In economics, Aggregate Expenditure is a measure of national income. Aggregate Expenditure is defined as the current value of all the finished goods and services in the economy. The aggregate expenditure is thus the sum total of all the expenditures undertaken in the economy by the factors during a given time period. It refers to the expenditure incurred on consumer goods, planned investment (or savings) and in the Keynesian model also includes the expenditure made by the government in the economy. In an open economy scenario, the aggregate expenditure also includes the difference between the exports and the imports.
Aggregate Expenditures is defined as
- C = Household Consumption
- Ip = Planned Investment
- Iu = Unplanned Investment
- G = Government spending
- Xn = Net exports (Exports-Imports)
Aggregate Expenditure is one of the methods to calculate the sum total of all economic activities in an economy which is referred to as the Gross Domestic product of an economy. The gross domestic product which is an important measure of the growth of the economy is calculated through the Aggregate expenditure model also known as the Keynesian cross.AE is also used in the Aggregate Demand-Aggregate Supply Model which advances the Aggregate Expenditures Model with the inclusion of Price changes.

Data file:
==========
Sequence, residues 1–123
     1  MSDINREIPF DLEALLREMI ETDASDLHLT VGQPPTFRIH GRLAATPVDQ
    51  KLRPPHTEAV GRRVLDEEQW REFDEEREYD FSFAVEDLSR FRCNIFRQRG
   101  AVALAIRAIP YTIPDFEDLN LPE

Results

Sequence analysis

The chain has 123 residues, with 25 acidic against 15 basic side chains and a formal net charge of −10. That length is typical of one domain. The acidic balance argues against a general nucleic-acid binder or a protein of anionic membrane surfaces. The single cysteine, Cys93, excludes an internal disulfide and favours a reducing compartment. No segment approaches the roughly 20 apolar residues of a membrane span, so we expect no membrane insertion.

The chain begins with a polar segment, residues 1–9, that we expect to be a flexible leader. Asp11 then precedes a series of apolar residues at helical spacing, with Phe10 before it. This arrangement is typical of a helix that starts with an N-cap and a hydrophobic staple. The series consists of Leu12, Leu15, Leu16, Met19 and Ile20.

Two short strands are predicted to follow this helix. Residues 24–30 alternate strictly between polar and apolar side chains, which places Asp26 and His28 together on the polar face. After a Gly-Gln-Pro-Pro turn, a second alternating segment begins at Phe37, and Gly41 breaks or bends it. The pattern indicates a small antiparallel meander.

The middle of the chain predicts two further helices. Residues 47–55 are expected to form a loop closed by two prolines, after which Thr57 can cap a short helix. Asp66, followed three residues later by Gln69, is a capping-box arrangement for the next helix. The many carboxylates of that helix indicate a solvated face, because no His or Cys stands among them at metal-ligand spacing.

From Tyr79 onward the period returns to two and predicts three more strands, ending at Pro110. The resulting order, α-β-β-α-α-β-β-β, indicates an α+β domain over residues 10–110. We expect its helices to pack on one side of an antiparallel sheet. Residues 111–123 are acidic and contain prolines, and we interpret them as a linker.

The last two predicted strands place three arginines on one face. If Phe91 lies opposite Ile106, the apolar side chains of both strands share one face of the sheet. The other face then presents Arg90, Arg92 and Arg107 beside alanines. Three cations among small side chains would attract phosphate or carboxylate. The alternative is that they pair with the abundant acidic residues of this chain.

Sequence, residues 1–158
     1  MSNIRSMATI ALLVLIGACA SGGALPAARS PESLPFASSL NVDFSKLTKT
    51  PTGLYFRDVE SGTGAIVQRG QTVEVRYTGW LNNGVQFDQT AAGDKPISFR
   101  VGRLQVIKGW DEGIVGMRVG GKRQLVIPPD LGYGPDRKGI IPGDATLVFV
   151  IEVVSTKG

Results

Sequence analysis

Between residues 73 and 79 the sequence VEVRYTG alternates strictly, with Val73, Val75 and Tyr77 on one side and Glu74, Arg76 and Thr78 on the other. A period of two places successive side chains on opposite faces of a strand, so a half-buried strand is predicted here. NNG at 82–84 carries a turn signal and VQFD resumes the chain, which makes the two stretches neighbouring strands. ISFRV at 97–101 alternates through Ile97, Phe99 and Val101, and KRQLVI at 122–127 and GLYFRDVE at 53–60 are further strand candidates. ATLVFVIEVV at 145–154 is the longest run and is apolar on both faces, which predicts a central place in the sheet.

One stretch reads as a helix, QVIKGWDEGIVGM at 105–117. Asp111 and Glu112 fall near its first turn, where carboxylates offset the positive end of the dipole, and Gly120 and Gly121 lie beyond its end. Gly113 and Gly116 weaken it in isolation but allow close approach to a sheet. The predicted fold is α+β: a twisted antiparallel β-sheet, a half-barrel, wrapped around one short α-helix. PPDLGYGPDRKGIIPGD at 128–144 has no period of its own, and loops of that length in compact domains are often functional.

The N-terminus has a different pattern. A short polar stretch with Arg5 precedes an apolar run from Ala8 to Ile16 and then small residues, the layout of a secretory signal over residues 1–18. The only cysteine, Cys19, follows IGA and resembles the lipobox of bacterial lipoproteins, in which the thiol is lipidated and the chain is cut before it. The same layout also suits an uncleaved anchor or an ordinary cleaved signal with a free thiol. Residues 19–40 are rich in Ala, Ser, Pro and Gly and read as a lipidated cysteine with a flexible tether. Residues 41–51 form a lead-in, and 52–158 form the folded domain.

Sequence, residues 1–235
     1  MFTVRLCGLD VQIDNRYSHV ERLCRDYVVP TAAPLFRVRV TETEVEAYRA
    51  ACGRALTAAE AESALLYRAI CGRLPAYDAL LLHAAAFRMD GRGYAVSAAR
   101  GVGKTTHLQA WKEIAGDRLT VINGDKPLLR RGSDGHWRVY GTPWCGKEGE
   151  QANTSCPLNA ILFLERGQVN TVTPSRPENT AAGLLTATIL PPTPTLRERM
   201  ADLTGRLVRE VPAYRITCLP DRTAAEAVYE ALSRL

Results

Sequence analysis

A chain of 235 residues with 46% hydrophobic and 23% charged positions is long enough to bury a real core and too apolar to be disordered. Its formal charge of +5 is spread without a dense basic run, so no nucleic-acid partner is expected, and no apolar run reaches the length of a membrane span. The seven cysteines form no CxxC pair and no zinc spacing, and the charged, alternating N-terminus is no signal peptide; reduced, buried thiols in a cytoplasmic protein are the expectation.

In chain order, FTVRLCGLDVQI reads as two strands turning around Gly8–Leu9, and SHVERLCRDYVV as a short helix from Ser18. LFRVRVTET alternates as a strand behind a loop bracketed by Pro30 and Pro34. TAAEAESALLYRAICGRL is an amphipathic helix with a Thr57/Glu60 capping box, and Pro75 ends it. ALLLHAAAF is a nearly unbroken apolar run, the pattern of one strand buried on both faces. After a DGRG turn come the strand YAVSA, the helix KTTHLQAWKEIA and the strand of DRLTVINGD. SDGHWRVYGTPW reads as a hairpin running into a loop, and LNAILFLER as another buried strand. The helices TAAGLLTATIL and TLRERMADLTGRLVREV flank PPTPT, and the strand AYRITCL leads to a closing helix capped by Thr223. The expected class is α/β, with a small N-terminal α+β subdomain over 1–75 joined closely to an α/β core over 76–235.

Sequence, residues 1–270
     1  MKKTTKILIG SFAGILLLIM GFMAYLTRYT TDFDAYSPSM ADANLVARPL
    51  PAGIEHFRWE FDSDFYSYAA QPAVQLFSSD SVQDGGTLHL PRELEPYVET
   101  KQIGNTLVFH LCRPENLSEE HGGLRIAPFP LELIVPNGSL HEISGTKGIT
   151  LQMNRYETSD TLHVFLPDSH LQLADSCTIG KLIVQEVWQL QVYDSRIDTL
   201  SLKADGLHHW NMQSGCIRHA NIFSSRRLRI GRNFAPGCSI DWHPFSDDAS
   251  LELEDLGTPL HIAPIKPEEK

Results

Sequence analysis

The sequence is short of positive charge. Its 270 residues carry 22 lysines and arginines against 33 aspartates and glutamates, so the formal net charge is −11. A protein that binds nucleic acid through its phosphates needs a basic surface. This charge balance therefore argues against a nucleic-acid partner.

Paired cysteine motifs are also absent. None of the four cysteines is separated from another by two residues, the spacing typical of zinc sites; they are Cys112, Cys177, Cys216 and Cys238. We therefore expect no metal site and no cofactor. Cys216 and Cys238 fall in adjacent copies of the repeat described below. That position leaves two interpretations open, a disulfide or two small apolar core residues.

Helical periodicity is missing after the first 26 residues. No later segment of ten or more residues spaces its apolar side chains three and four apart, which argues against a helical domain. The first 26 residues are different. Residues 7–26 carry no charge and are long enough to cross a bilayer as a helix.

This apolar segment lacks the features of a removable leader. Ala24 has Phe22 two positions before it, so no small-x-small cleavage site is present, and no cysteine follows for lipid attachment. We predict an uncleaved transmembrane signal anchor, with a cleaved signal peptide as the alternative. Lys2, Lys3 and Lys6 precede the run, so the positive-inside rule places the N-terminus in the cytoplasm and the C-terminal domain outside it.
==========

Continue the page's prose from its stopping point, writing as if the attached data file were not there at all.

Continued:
Components of Aggregate Expenditure (AE) - defined as the total amount that firms and households plan to spend on goods and services at each level of income. Also, it can be seen that the aggregate expenditure is the sum of expenditures on consumption, investment, government expenses and net exports. It is normally derived from all the components of the Aggregate Demand. Aggregate demand (AD) refers to the sum total of goods that are demanded in an economy over a period and thus AD is defined by the planned total expenditure in an economy for a given price level.
Other articles related to "aggregate expenditure, aggregate, expenditure":
... An economy is said to be in an equilibrium when aggregate expenditure is equal to the aggregate supply (production) in the economy ... to Keynes, the economy does not stay in a perpetual state of equilibrium but the Aggregate expenditure and Aggregate Supply adjust each other towards equilibrium ... When there is an excess supply over the expenditure and hence the demand there is an inventory leftover with the producers, which leads to a reduction in either the prices or the quantity of output and hence reducing ...
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